• http://www.dpsinfo.com LaurieMann

    I’m in general agreement with Oster. If drinking a little during pregnancy was that much of a problem, every child in France would have fetal alcohol syndrome.

    The randomness of medical advice about pregnancy was particularly obvious to me in the post-birth advice doctors dispensed. In 1980, when I had my baby, I had a young doctor and my roommate had an old doctor. I’d had some complications, my roommate had no problems whatsoever. My roommate’s going home instructions included that she should not consider having sex for at least six weeks. My going home instructions, given by the same nurse a little later, included that I could have sex after three weeks if I felt ready.

  • Cade DeBois

    I think there’s more than ethics that prevents us for studying this properly. We Americans tend to embrace rather puritanical attitudes about both drinking and pregnancy–those two cultural hang-ups combined, this becomes such a outrageous taboo that the thought of questioning the conventional wisdom aroudn it triggers irrational responses and gasps of horror. This is one of the reasons I am so glad I have never been preganant beyond an aborted interstitial pregnancy. It was bad enough having everyone seem to urgently know what was “best” for me when I had an abortion. I think if I had to endure nine whole months of such suffocating, insulting patronizing, I would have gone on a murder rampage.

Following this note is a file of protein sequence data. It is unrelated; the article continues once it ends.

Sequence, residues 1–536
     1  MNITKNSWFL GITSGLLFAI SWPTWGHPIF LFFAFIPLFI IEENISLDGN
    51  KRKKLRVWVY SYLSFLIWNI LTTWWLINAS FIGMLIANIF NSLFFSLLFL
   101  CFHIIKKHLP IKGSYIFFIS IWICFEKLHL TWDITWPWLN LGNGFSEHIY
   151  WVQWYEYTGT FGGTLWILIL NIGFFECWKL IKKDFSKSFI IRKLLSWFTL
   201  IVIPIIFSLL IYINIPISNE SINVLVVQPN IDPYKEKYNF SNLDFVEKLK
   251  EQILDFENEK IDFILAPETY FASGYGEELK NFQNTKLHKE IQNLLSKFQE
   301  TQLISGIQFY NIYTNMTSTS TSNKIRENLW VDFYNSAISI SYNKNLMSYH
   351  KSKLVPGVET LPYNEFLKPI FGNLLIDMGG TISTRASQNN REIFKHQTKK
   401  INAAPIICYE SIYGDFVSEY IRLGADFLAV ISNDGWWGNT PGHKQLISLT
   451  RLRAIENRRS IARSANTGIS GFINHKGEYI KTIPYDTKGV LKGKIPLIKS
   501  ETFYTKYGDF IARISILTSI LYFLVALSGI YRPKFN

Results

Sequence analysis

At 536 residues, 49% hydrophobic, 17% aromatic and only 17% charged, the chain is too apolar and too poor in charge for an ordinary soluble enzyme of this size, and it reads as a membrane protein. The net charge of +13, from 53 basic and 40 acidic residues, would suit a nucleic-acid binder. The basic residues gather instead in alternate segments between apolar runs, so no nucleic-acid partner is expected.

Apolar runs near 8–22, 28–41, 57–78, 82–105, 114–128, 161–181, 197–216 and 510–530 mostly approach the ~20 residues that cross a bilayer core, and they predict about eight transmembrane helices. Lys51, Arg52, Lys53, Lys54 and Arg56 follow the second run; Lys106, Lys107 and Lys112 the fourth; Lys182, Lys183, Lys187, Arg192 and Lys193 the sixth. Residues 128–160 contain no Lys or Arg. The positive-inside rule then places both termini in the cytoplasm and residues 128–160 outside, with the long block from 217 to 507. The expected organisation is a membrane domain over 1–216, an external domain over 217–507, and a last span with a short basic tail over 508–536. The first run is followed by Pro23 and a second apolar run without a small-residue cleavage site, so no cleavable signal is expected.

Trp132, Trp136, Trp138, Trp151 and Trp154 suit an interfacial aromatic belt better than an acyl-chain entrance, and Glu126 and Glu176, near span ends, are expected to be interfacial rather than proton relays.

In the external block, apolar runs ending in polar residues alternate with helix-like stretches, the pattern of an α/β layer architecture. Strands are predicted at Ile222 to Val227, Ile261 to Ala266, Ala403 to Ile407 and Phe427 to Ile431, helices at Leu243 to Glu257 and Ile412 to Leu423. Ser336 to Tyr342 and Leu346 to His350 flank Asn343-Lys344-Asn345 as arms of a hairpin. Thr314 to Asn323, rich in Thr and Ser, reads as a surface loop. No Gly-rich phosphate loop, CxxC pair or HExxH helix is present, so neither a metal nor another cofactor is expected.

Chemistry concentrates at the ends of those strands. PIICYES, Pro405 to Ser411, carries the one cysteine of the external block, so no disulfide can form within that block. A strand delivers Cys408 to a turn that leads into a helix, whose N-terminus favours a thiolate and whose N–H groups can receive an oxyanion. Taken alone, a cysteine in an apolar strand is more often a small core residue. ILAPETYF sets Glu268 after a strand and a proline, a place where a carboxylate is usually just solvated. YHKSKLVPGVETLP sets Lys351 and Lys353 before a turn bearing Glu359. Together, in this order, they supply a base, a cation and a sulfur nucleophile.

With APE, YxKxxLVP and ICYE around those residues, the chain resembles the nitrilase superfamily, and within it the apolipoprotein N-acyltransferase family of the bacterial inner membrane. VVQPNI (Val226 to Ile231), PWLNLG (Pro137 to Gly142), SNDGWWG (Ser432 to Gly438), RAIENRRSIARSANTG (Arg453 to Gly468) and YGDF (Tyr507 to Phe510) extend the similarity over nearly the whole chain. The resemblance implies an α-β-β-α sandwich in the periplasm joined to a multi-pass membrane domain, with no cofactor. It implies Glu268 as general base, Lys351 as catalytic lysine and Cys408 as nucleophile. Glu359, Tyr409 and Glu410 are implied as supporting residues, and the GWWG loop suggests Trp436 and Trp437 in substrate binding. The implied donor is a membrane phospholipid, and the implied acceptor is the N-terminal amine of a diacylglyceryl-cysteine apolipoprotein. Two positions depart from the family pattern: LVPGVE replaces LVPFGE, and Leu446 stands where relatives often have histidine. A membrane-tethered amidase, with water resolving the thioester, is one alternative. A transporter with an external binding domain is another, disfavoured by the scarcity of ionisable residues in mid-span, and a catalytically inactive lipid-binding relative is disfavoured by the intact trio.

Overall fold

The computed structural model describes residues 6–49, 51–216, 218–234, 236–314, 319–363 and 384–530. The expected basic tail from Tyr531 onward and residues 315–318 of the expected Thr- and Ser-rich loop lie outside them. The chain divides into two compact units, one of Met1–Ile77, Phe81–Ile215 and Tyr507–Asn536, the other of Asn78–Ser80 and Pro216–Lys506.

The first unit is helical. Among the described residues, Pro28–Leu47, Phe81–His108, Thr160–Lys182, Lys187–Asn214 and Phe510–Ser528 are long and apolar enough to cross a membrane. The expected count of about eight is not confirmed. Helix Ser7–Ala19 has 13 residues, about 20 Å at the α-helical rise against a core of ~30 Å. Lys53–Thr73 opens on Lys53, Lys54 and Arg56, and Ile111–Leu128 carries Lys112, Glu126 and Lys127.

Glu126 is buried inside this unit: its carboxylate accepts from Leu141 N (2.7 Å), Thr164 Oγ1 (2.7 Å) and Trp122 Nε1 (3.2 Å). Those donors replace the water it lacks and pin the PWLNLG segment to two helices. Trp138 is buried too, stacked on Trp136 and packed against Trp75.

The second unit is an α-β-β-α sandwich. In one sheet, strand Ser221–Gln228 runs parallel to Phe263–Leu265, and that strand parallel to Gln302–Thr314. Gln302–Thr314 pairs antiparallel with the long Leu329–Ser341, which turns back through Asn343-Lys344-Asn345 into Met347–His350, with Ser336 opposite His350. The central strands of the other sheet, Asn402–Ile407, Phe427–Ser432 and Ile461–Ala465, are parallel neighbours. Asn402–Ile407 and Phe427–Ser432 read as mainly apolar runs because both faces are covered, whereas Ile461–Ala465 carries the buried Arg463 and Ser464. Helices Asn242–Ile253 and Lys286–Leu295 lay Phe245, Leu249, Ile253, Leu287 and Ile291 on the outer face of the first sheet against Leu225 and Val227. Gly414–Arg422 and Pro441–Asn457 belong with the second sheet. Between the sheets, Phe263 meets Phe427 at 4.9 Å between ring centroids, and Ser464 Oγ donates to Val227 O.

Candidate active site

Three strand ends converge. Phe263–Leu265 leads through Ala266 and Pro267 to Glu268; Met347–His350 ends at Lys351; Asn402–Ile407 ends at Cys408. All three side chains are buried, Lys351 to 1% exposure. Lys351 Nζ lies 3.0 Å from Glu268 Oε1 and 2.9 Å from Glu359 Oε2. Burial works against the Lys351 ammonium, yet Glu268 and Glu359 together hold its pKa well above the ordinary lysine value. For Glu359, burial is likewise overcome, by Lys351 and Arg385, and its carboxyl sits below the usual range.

• Karie Ryan Ordway

    Every generation has its own rules. And every generation forgets that they lived in spite of all the pregnancy rules given to their parents. And every succeeding generation also forgets that their generation will be viewed by their children’s generation as having narrowly avoiding killing them with their now defunct pregnancy rules. The rules change so frequently now that many forget that what worked for the first child might actually work for the second born 2 years later.
    My grandmother (born 1898) had her 7 babies during the days of the ice box and went daily to the butcher for an affordable slab of meat or the open market and bought a live chicken, or a freshly killed one. Ninety three years later, my d-i-l was worried sick with each of her four pregnancies because the eating rules had changed between each one and she spent her days looking at the older children waiting for the birth defects to kick in.
    I wish common sense was on the menu.

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